Redgrave’s rowing masterclass
Sir Steve Redgrave only took up rowing to get out of the classroom, several decades on and now he is the one teaching the lessons.
The five-time Olympic gold medalist put some of Bermuda’s young rowers through their paces at Bermuda High School last night, even jumping on a rowing-machine to lead them in a quick work out.
Redgrave, in Bermuda to play in the British Airways/Cambridge Beaches Hackers Cup golf tournament, called the session with some members of the Bermuda Rowing Association ‘very satisfying’.
“Internationals, they are very set in their ways and you can give them some help and it takes them a lot longer to change,” he said. “But, teaching beginners is very satisfying because you can give them some simple tips and they’ll respond.”
After 25 years of dedication to a sport that consumed his every waking hour Redgrave isn’t sure if he wants to start coaching full time or not, at the moment he’s just happy to help out when he can.
“At some stage I might go into coaching, I quite enjoy it, I’m not sure I’ve got the aptitude for it,” he said. “The problem is that rowing internationally you’re training seven days a week, 49 weeks of the year, having one day off once every three weeks.
“So to go and be coach, you end up with a bigger time commitment than that, and having been a poor rower for 25 years, after you start earning some money you’re thinking (to go back) would be difficult.
“I help out when I can at all sorts of different levels.”
The fact that he’s around to help out at all comes from a career that included six Olympic medals, nine world championships, and might never have begun if an English teacher named Francis Smith hadn’t offered Great Britain’s greatest Olympian a chance to escape the classroom.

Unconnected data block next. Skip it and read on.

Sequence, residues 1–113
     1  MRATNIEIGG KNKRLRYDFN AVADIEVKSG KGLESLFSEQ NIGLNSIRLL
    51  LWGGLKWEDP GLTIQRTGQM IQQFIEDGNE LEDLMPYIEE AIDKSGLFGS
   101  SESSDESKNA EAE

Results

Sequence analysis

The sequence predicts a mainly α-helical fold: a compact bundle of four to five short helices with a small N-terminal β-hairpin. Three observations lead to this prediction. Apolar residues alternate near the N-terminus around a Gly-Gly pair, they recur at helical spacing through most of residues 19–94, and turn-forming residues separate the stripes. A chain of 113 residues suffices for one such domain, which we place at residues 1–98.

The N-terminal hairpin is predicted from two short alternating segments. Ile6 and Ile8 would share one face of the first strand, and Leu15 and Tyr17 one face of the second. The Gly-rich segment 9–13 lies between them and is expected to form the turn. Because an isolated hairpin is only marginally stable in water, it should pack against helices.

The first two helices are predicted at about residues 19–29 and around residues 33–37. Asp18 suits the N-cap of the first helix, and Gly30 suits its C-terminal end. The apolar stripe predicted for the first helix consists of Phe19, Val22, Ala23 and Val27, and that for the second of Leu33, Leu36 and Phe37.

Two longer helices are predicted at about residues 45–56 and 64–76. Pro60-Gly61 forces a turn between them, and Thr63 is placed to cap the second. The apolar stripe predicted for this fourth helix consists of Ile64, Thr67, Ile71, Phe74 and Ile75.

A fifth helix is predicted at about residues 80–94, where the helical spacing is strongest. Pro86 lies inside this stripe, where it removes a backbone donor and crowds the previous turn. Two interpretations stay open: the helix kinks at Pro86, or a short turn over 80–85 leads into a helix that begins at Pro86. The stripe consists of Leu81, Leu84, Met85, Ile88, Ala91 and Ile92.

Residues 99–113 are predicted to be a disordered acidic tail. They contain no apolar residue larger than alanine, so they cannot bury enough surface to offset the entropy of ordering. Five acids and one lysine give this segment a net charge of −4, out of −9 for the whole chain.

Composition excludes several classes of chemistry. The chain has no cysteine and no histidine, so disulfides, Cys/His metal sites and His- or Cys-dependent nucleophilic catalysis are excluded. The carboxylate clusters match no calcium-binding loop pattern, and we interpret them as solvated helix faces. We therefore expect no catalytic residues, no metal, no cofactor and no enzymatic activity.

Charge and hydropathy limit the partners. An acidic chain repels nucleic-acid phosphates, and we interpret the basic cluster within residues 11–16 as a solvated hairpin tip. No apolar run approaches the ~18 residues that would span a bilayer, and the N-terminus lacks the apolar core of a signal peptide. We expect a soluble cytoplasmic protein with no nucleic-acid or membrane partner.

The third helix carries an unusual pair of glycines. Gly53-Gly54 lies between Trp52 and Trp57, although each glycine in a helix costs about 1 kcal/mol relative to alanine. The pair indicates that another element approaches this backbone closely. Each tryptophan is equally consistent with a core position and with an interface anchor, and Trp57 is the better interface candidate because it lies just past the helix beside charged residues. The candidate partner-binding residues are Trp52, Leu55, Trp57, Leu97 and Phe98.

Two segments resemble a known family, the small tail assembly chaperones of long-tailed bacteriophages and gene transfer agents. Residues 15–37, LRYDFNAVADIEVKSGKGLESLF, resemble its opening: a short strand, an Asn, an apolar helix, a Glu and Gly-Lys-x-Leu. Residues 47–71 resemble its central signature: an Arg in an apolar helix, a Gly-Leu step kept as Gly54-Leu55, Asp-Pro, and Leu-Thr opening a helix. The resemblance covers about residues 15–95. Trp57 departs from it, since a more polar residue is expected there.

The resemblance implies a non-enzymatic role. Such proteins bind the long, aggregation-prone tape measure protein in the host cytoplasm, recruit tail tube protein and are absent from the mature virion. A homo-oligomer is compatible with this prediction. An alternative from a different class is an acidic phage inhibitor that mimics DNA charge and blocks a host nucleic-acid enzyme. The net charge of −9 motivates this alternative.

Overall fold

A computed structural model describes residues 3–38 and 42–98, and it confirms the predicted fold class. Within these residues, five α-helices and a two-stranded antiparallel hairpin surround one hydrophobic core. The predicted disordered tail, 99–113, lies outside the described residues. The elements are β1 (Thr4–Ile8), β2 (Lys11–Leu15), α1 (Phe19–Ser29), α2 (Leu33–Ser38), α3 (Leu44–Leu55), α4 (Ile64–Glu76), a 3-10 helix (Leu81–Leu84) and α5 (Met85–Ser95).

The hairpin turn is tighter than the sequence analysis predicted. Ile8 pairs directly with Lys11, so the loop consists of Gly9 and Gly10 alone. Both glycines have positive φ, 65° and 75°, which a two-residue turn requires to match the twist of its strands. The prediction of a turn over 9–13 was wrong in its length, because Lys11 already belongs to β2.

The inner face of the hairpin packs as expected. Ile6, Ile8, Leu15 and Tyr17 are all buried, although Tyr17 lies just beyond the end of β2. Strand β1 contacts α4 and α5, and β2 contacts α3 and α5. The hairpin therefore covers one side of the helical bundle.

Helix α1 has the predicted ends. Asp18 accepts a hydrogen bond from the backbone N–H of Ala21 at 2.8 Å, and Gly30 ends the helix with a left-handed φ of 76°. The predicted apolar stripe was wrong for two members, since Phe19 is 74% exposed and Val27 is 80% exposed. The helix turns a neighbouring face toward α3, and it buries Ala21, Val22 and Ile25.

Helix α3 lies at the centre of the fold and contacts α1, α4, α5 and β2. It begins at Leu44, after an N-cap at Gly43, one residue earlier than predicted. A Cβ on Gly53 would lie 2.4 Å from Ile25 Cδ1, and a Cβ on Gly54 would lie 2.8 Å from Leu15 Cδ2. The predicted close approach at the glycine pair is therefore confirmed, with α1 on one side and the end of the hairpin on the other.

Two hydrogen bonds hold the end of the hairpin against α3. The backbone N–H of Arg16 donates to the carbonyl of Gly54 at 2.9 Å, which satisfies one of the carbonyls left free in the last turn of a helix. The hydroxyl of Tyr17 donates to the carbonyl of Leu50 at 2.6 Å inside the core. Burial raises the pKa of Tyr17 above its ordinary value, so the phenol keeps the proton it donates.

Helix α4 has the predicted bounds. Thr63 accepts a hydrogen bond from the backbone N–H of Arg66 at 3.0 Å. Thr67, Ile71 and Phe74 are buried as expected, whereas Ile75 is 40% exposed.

Not the most interested of students by his own admission Redgrave began rowing for his school in his home town of Marlow, at the time the site of the world’s largest one-day regatta, and a successful first season, during which his coxless four crew surprised themselves and Smith by winning several races, planted the seeds of ambition within him.
“I think after that first season of doing so well (I got the bug),” he said. “People like doing things that they are good at, even with something you’re good at there are lots of different factors to it.
“As someone who came across the sport and started doing quite well at it very early on you think ‘well, I can’ (be successful).
However, the dedication and hard work needed to become a top rower didn’t come for several years after, but once found produced the athlete that dominated rowing for two decades.
“People were telling me at the age of 16-17 that I was potentially going to be a world champion, so it gave me that sort of focus,” said Redgrave.
“The problem was that at the beginning of it, I believed that was going to happen and all I had to do was bide my time because my name was engraved on the trophy, I just didn’t know which year it was going to be.
“Then a few years later working out, eventually, that actually you have to make it happen, it doesn’t just happen. You learn lots of different things along the way, but quite early on in my career I set myself targets to try and be one of the best in the world.”